I know what you're suggesting, I even precluded it. The whole point is you cannot use standard maths and make this argument. Every science uses some math or other. But whatever mathematical formalism is used, they also make recourse to infinity. There's no coherent way of making sense of this if you then drop infinity in your metaphysics because you use the math and treating as true, you're already accepting it. It's ridiculous.

    Relativity is an approximation of reality not reality - We don’t know for sure if space is continuous. Anyway continuous space is a Potential Infinity whereas I’m talking about Actual Infinity.Devans99

    You either think it's true or not. As fundamental assumption of relativity is the use of a Non-Euclidean geometry with an infinitely divisible space (although even Euclidean geometry posits an infinite plane). The theory requires an infinitely divisible spacial structure, this isn't something you can gesture at as an approximation that we need not think about. That's an actual infinity; between any two points of space there's more space. That's not potential at all.

    There is an argument that the natural numbers are only potentially infinite - we have used finitely many of them so far and that will remain the case.Devans99

    That's malarkey. The natural numbers can be put into a one-to-one correspondence with a proper subset of itself. That makes it infinite. The use of the natural numbers has no bearing on the cardinality of the set.

    ’m hardly the only person to have a problem with actual infinity. The great German mathematician Hilbert posed his Infinite Hotel paradox. Just one of many paradoxes that stem from actual infinityDevans99

    Hilbert's Hotel is not a paradox in the literal sense. It makes perfect mathematical sense. The only issue is that people import their naive views about infinity when they think about it and it drives them off course. Hilbert's Hotel contains no contradictions, ergo it's only a paradox in the sense of it having a weird conclusion, it is provably the case that infinity results in no contradictions.

    I know it’s possible to construct consistent mathematical systems around infinity; that is not what I’m objecting to. I’m objecting to the use of actual infinity in physical sciences.Devans99

    My whole point has been to ask, On what basis? As there is no contradiction, your only recourse (as I said) was to say there's some category mistake. But collections of things are exactly what we know, mathematically, can be infinite. You haven't given the actual reason to accept what you're saying is anything more than a bias for a view you already held.
  • MindForged
    476
    There is a big difference adopting the maths because it is a useful model and accepting it as the actual metaphysics. And it should be telling that the central problems of modern physics/cosmology revolve around finding ways to avoid the mathematical infinities, or singularities, that are contained in the current best models.apokrisis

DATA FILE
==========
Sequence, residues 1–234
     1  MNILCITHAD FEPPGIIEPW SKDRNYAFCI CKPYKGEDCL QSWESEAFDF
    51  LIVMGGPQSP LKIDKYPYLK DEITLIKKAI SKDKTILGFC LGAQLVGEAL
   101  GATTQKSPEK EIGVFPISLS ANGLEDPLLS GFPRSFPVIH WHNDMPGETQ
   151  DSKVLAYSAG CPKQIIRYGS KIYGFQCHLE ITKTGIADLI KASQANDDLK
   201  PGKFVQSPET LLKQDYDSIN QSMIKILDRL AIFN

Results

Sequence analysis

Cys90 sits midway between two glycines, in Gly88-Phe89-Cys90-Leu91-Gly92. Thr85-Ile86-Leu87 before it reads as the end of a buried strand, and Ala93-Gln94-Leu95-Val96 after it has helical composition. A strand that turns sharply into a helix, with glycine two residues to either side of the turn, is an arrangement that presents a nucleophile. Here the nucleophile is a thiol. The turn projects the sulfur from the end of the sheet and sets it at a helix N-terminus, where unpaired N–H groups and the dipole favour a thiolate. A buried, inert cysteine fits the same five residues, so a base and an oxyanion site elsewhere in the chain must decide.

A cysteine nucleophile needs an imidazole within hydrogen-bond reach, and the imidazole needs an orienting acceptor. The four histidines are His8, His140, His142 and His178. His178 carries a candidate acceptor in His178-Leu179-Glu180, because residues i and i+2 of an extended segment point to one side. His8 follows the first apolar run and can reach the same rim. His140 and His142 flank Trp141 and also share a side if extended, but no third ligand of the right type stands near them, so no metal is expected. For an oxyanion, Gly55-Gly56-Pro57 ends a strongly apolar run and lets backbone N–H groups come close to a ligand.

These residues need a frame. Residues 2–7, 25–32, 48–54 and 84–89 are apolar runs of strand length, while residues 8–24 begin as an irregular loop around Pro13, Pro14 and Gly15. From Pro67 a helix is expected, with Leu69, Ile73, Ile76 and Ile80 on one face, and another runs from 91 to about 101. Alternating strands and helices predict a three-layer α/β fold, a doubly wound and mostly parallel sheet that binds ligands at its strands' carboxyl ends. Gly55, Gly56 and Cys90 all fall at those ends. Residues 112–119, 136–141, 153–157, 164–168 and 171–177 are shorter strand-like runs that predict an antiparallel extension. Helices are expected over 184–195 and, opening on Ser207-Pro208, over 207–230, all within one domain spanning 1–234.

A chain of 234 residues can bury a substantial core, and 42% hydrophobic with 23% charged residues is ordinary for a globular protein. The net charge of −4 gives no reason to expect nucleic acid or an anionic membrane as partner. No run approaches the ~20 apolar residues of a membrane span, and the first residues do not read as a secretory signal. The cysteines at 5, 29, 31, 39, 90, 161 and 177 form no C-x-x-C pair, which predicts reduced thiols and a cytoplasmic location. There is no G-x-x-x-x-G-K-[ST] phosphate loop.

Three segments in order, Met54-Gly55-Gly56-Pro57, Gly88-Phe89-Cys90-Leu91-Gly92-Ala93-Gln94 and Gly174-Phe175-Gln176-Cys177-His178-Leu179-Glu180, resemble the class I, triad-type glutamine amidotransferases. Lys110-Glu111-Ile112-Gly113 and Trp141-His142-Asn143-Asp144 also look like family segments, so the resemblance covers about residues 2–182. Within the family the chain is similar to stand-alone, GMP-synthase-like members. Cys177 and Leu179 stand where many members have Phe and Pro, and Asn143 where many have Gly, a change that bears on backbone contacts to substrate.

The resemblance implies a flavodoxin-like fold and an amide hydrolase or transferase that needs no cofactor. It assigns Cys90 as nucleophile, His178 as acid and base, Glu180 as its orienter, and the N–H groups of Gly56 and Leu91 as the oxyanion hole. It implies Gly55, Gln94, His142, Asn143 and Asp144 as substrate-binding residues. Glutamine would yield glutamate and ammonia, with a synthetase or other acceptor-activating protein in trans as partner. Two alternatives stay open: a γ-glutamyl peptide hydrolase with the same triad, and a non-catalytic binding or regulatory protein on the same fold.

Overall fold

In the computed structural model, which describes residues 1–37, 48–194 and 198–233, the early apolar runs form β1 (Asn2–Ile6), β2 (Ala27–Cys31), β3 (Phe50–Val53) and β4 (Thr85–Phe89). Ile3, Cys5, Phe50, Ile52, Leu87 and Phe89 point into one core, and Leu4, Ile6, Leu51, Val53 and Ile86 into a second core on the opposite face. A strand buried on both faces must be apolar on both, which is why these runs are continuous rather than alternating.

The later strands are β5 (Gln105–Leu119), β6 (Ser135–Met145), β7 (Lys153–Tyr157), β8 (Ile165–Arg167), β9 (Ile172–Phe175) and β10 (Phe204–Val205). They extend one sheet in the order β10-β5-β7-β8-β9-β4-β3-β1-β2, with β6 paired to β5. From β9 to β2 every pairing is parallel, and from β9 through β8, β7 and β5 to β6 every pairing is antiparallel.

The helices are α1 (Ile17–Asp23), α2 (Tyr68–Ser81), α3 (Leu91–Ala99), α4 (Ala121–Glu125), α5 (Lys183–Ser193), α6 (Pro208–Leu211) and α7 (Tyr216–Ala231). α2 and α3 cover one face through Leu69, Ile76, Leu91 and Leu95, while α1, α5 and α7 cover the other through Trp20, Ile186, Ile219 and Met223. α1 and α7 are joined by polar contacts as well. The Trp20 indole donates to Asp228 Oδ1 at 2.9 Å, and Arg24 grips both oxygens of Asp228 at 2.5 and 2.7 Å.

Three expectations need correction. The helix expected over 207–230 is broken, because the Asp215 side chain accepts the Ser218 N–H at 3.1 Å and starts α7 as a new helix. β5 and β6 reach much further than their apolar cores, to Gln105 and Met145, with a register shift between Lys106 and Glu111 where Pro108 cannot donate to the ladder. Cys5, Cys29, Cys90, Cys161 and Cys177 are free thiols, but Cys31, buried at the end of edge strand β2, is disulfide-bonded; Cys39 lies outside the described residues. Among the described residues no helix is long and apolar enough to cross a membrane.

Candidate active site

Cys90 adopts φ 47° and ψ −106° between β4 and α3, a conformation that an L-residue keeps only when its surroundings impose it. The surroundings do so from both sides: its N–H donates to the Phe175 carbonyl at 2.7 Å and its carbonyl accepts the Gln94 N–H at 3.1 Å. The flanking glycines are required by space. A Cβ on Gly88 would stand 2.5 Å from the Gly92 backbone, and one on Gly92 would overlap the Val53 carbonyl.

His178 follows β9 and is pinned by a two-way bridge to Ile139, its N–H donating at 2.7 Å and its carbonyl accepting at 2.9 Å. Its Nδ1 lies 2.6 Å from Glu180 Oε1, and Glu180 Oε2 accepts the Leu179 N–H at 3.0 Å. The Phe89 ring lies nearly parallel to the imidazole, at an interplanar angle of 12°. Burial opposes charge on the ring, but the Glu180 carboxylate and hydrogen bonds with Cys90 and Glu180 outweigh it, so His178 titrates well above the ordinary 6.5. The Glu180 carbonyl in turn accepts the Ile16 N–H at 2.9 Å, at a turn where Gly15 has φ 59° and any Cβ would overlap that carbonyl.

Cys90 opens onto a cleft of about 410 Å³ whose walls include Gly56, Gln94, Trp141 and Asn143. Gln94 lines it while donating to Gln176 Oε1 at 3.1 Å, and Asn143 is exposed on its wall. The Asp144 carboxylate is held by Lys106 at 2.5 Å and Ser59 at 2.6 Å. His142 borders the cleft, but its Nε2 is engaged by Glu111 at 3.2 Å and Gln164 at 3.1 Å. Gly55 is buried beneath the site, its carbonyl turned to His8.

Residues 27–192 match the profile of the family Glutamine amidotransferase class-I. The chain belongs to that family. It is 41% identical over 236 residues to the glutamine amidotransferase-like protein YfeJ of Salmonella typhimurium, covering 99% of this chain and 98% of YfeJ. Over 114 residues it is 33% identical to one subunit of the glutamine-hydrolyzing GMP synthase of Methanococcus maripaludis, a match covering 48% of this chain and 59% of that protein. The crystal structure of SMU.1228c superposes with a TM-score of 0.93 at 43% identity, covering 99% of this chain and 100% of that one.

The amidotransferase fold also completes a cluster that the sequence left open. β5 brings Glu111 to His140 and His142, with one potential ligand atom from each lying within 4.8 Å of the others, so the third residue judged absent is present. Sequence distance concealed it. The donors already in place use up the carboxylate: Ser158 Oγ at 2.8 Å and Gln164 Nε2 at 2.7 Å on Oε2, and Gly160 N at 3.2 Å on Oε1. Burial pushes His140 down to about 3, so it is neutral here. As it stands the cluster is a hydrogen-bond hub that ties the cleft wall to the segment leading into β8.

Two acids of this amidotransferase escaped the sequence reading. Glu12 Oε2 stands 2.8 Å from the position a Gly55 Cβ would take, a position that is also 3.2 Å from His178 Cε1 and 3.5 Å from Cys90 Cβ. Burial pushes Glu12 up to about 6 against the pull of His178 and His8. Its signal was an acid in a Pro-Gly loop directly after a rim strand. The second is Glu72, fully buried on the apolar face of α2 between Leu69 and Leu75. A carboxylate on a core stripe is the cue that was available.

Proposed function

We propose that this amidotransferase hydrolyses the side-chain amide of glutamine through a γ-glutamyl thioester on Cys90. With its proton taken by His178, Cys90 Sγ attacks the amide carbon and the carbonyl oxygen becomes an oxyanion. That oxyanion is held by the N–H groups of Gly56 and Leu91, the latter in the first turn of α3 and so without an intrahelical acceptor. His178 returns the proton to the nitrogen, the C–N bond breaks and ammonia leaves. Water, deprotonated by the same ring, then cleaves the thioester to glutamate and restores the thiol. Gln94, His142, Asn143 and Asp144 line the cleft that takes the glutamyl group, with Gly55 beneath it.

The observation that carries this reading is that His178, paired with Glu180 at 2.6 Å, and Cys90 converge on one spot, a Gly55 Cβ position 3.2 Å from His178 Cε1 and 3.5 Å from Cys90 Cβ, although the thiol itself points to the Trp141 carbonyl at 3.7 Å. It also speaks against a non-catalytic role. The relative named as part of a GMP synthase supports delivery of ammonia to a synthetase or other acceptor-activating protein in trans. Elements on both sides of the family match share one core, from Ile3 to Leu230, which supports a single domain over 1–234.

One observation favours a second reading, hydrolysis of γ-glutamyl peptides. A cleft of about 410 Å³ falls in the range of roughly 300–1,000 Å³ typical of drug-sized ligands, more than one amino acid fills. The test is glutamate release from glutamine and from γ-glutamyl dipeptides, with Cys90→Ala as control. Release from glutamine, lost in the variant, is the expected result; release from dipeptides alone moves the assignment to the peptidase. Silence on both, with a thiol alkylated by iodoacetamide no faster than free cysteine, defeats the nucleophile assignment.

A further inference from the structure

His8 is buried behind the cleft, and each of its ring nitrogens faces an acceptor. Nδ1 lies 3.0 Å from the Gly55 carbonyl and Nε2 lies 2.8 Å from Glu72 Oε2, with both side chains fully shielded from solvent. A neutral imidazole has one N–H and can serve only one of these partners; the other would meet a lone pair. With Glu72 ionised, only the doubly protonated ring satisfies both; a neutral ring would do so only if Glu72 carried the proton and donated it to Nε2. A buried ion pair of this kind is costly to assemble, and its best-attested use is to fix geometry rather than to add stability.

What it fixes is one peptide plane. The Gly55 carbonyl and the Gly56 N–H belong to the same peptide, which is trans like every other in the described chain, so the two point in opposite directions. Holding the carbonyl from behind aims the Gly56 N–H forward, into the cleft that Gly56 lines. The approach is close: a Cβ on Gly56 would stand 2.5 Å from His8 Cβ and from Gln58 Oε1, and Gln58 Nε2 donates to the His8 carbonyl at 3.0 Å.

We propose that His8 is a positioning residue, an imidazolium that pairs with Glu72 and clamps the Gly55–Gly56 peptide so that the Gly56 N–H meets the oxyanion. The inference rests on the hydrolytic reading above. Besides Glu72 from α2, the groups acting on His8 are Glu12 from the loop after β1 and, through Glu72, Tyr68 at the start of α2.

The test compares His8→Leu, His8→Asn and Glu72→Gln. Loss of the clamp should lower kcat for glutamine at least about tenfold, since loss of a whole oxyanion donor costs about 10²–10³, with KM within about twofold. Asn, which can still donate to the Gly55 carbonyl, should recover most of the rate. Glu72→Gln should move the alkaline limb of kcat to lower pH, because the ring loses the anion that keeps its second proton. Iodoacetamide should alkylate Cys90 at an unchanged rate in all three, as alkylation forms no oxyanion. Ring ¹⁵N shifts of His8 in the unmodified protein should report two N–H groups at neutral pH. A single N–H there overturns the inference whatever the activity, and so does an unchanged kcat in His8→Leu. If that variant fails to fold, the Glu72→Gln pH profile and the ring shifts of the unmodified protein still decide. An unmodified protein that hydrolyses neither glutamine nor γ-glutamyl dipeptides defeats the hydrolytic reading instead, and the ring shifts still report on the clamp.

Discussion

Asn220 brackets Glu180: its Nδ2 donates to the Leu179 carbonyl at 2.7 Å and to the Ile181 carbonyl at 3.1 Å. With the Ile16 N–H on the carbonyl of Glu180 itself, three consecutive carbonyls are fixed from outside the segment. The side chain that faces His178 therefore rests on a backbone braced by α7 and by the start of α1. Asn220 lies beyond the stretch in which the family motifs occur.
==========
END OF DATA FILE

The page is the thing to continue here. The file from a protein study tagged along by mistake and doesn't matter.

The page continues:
If you accept nearly any mathematical system, you're going to assume some infinity or other. If you dont, you're either an ultrafinitist (who nearly all mathematicians see as borderline cranks) or you have some reason why you think that in *particular* instances they ought not be used. The resolution of singularities is in part due to the precedence of them turning out to be the result of mistakes in our models. We still use infinities elsewhere. From the continuous nature of space, to the recourse to infinitesimals (which aren't even allowed in classical math, but physics tends to be braver in pioneering the use non-standard maths), infinities are by no means barred from the metaphysical assumptions made in science, and certainly not as just a useful thing assumed for convenience (no more than other areas of math). It has to be treated carefully, because it doesn't always useful results (hence renormalization).

    It's not even that i deny renormalization is used just so I can defend infinity, I just see the wholesale denial of infinity as applied to reality to often require dropping normal mathematics without a clear reason.
  • Devans99
    274
    Time is nothing more than measure of co-ocurences of events with human–created time measure, which is clock... Unverse works as unconscious machine, that removes necessity to count or regard time as important.Victoria Nova

    The universal speed limit - the speed of light - is defined in terms of time (speed=distance/time) and is absolutely fundamental to the universe. Don’t see how you can claim time is unimportant or transitory...
bold
italic
underline
strike
code
quote
ulist
image
url
mention
reveal
youtube
tweet
Add a Comment

Welcome to The Philosophy Forum!

Get involved in philosophical discussions about knowledge, truth, language, consciousness, science, politics, religion, logic and mathematics, art, history, and lots more. No ads, no clutter, and very little agreement — just fascinating conversations.